Soil to use as backfill was dug out from an area we use regularly and brought by wheelbarrow to be packed behind last weeks’ willow weaving and finished off with turf. The end result looked as if it had been there for months, but to help strengthen the whole structure willow wands were pierced into the backfill. Luckily it is the right time of year for planting cuttings as the sap is rising, so by this time next year we hope to have an impressive row of new saplings.
Photograph A. Repairing river bank
We were not finished there though, as snowdrops were spotted on the very edge of the riverbank which were in danger of being washed away by the next high tide. To conserve them they were carefully removed and transplanted into the turf amongst the new willow.
Photograph B. Completed job
Job done, but we were only halfway through the morning so, as we are a keen bunch, there was no early finish and we simply moved a hundred yards back downstream, where the footpath was flooded and muddy, and began to dig out an old gulley along the edge of the path which had become blocked and overgrown. Even before we had finished, the water from the path had drained away. We also cleared the three semi-circular soakaways in the same vicinity and again the path cleared of water very quickly.
Photograph C. Clearing gully
Photograph D. Cleared gully
We also removed rubbish from that area but we were pleasantly surprised at how little there was as there is often an increase after high winds when it has a tendency to blow down from Hartley Lane.
The highlight of the morning was the number of birds singing, squabbling and generally making their presence felt in the trees around us. They were mainly blue, great and long tailed tits, our ever present robins, sparrows and the occasional chaffinch. Also the woodpecker could be heard constantly tapping away.
Eight muddy souls made their way back to their cars and I am sure they are already looking forward to next week’s delights.
Eleven volunteers today reported at the Crow Hall farmhouse for a morning of river clearing. The weather forecast was for a dry, fresh day; the main problem was whether the water level had dropped enough for a safe morning’s work. Luckily the team leader had been through the Dene the day before and had checked, and it was OK to proceed without having to resort to plan B.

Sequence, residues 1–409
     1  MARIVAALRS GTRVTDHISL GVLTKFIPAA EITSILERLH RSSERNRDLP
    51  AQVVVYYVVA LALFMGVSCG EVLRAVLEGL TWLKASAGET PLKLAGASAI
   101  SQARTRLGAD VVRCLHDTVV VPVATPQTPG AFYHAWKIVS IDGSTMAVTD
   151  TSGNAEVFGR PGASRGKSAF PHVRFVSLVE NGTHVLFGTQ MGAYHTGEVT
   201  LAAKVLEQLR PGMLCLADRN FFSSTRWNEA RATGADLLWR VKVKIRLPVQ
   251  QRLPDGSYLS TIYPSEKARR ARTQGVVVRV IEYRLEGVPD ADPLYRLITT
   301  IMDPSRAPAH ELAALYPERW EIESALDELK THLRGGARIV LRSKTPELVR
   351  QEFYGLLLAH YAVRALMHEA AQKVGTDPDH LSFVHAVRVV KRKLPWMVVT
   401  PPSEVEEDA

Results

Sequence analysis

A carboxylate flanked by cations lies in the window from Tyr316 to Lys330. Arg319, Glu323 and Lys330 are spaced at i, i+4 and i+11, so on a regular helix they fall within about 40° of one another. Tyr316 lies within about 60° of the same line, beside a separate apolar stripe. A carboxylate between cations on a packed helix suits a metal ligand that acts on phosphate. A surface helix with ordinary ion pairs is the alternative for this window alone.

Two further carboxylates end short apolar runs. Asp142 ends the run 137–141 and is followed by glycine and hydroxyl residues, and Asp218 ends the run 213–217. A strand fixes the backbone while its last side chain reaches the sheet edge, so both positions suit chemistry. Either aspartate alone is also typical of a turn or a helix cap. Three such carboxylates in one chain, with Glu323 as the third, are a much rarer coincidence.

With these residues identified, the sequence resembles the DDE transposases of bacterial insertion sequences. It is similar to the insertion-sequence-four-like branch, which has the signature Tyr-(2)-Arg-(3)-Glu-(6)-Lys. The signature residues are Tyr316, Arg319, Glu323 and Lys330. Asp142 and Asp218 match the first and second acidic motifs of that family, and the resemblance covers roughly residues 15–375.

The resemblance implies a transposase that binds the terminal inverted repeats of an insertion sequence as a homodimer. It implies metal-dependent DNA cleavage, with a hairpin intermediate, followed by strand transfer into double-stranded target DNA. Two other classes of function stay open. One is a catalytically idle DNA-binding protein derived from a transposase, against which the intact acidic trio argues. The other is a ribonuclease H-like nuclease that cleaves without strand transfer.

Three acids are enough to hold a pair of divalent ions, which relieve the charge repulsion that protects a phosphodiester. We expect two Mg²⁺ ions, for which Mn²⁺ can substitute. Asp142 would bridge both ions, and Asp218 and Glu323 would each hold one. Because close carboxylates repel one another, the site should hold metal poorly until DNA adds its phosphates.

Tools loaded up, we headed to the oxbow lake on the Holywell road bridge path. This is the path that runs from the bridge at Holywell to the wagonway path. We were then divided into two teams: one to tackle the main blockage, and the other, a party of four, to remove all the debris that had built up behind the branches blocking the river.
Photograph A. The blockage
Two volunteers donned waders and began filling bags with driftwood. These were passed to two people waiting on the river bank to be disposed of away from the river. While doing this any plastics or similar items which couldn’t be left were bagged ready to be taken away at the end of the day’s work and to be disposed of correctly. This was done at three locations in the area we were working at today.
Photograph B. Clearing driftwood
The main party started to set up the winches after deciding on the best order of removing the tree branches. Today was different to most days as we weren’t going to remove the branches from the river, but position them alongside the river bank to stop the erosion caused by the river hitting the bank as it twists around a number of bends at this point.
Our team leader and a couple of volunteers had their waders on and soon set about cutting away the branches which were causing the blockage and positioning the straps on them ready to winch them away.
Photograph C. Starting log clearance
The first branch was the key to operation. As this one took a bit to manoeuvre to the correct position and we were using two winches, it was decided to again use a “banks man” as described three weeks ago. This will probably be the practice from now on as it’s the safest way when manoeuvring logs with two winches at the same time.
Photograph D. Removing big log
After the first log was positioned, the rest fell into place. When we had a good section of the bank protected we started to back-fill with a lot of the branches that were obstructing the flow of the river, and this saved a lot of time and effort. We drove a wooden stake into the river bed and used this to tie secure a nylon rope around the log to stop any branches from drifting away in any future spates.
Photograph E. Securing logs to river bank
Unfortunately, we were beaten by time before we had removed all the offending branches but the river was flowing freely as we headed back to our cars with the tools, and we will probably be returning next week to finish the job – weather permitting.